Officials across China are offering financial incentives, but the push toward watery graves hasn't met much success. Shanghai started offering sea burials in 1991, but in 2010 sea burials numbered in the low thousands while grave burials totaled 53,311.
Many local governments are rolling out their strongest pitches this week to coincide with the Qingming Festival, when families take a day off to sweep their ancestors’ graves. Critics worry that tradition and the meaning of ancestor-honoring rites are being trampled by the government initiatives.
In Guangzhou, officials recently announced a $160 bonus for families that scatter ashes at sea. In Shanghai, officials increased their offer from $65 to $320. The coastal cities of Shaoxing and Wenzhou are offering $800 and $1,290, respectively. The government often provides transportation, including all-expense-paid boat trips.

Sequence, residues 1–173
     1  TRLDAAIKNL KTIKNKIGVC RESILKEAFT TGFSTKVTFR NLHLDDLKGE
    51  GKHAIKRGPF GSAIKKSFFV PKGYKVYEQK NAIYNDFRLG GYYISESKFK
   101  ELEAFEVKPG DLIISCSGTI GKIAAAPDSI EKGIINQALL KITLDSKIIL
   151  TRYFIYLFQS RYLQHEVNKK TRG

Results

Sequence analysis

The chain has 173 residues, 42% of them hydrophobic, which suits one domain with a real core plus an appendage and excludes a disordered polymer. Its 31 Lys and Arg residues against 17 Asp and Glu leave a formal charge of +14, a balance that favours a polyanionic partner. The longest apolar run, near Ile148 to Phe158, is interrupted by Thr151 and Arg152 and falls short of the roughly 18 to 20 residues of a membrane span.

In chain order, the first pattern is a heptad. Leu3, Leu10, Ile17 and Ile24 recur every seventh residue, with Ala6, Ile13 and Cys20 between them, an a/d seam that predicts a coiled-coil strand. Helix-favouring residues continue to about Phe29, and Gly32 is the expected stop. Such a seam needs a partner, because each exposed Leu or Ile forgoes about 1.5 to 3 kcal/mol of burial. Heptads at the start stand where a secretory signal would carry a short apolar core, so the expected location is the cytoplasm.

To cut down on space, cremation already is required by law in cities, but prices for even the tiny plots for burying urns have skyrocketed. Bureaucratic fears of chaos and anger once the country runs out of graves led to a more concentrated push for sea burials.
Kate Moss Playboy shoot is classic Playboy, classic Kate
Theater accidentally screens 'Nymphomaniac' trailer instead of Disney's 'Frozen'